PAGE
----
On May 5, in a rare moment of global leadership for the United States, President Biden lifted international patent protections to allow vaccine-strapped countries to manufacture vaccines themselves—a provision that could significantly aid affected nations. Although this is an important step in the right direction, it would be naïve to assume that the developing world would receive this decision with open arms.  Despite the magnanimity of the measure, it might be too late to win the Pakistanis over. The United States and other Western nations should have realized that hoarding vaccines at such a crucial time is not only inhumane but also a sign of tactless diplomacy. The developing countries are taking note of the lack of global leadership from the West during the pandemic and turning to alternatives, namely China and Russia, to seek support. Such relationships built on vaccine diplomacy are bound to impact the United States’ position in the post-pandemic world.

The Biden administration should reorient its relationship with Pakistan from security-centric to economic-centric to aid Pakistan’s post-pandemic economy.

The Biden administration should rethink its decision to send medical supplies to India alone and extend a helping hand to other countries struggling in the region. The United States has excess vaccines and the capacity to manufacture lifesaving medical equipment, which could be crucial for countries such as Pakistan and Nepal in containing the harm caused by the pandemic. Furthermore, to undo some of the damage, the Biden administration should reorient its relationship with Pakistan from security-centric to economic-centric to aid Pakistan’s post-pandemic economy. Despite the lack of effective vaccine diplomacy, complete isolation from the United States could lead to a potentially harmful increase in dependency on China. Thus, Pakistan needs to sustain cordial ties and continue to encourage U.S. foreign investment.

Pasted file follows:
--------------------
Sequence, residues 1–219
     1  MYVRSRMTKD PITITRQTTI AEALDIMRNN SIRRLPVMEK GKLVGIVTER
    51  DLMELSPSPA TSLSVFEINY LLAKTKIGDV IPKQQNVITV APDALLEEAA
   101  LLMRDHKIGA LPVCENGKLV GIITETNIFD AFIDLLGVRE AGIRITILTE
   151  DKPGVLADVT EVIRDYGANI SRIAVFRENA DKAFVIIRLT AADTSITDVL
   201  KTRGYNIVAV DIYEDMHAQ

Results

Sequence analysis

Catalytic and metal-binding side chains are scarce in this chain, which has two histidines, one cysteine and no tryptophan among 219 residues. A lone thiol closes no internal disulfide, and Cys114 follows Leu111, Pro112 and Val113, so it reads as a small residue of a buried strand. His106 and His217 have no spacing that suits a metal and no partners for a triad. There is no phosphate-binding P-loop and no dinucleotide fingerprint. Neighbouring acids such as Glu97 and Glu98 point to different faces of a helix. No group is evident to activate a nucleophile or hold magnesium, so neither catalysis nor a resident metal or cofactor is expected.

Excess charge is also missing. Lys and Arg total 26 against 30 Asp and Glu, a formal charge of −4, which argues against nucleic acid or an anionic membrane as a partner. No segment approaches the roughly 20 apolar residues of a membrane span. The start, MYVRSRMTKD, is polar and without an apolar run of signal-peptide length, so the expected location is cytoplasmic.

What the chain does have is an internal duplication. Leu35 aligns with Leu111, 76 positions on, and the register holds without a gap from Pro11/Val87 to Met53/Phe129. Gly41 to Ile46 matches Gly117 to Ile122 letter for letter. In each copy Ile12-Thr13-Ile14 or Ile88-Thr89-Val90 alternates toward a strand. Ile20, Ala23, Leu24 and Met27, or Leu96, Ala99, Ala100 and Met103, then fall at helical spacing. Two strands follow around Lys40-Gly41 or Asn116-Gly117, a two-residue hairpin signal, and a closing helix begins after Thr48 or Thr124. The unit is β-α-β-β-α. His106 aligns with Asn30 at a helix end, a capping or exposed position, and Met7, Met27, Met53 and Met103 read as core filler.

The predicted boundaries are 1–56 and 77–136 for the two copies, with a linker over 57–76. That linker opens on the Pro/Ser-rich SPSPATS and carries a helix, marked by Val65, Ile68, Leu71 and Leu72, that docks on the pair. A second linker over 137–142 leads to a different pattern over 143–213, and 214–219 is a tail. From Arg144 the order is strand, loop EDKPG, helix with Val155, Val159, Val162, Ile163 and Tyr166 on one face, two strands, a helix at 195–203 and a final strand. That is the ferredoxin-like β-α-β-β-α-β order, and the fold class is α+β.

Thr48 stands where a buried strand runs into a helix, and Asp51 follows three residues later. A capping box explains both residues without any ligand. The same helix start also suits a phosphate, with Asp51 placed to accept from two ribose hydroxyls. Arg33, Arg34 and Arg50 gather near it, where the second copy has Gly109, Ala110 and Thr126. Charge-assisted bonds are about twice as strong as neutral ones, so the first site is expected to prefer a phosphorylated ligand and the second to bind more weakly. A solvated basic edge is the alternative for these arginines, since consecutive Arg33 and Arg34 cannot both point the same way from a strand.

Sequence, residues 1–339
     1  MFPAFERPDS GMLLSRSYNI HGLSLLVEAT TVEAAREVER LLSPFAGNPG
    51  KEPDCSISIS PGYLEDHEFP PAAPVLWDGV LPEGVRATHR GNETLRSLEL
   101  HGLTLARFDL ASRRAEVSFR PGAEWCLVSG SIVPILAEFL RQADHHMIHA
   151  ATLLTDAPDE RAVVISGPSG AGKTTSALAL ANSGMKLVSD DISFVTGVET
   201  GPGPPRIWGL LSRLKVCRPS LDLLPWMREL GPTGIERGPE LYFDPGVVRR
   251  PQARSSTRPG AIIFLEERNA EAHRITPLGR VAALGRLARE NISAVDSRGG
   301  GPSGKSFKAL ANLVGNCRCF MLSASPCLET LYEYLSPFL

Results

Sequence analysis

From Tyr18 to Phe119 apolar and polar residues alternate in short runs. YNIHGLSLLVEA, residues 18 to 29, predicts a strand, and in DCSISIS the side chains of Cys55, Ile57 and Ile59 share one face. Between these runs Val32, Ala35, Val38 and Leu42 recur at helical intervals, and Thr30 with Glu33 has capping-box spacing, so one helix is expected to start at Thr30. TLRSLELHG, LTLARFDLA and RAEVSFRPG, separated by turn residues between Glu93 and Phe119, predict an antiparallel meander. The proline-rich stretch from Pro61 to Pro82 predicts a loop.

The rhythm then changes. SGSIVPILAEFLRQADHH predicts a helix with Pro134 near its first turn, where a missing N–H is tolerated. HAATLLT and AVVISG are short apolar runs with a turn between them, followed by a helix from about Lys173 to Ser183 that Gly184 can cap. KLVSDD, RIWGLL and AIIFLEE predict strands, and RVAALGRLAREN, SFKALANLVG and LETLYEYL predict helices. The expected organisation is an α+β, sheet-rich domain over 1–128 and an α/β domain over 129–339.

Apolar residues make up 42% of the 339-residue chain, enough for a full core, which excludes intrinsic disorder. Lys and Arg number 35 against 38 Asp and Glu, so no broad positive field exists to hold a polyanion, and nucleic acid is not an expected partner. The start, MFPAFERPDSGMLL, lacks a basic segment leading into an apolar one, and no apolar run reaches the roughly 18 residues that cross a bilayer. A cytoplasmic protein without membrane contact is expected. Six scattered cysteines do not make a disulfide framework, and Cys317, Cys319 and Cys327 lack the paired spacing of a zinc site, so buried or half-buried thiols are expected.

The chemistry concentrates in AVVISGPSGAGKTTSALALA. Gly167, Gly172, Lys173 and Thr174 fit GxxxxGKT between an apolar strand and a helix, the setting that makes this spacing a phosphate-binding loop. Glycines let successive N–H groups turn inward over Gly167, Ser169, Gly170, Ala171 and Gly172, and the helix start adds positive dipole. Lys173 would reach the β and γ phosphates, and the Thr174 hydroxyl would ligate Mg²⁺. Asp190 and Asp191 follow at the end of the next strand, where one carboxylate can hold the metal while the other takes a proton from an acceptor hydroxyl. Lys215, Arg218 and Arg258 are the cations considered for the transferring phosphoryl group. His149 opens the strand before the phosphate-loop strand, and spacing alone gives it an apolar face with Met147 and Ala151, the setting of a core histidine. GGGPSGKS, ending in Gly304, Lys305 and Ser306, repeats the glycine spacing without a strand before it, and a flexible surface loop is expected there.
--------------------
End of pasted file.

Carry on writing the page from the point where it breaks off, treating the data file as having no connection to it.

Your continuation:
I told my friend about the lack of vaccine supplies in Pakistan. She responded that the United States has vaccinated, at the time, over a third of its population. We silently acknowledged the United States’ delayed and detrimental response to the global crisis and changed the topic.


Image 1: International Monetary Fund via Flickr

Image 2: Government of Pakistan via Twitter